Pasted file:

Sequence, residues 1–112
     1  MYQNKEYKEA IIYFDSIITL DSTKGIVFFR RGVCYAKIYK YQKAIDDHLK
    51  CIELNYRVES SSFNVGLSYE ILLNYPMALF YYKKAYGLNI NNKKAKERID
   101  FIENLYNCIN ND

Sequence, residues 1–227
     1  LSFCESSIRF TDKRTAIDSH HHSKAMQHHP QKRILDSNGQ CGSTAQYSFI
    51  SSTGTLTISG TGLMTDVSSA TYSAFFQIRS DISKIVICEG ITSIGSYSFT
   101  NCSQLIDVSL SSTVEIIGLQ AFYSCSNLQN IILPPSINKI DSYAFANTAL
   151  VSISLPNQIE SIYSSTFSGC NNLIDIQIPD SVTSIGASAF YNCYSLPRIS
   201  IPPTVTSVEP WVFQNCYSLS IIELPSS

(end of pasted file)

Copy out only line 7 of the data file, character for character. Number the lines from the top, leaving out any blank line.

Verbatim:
    51  SSTGTLTISG TGLMTDVSSA TYSAFFQIRS DISKIVICEG ITSIGSYSFT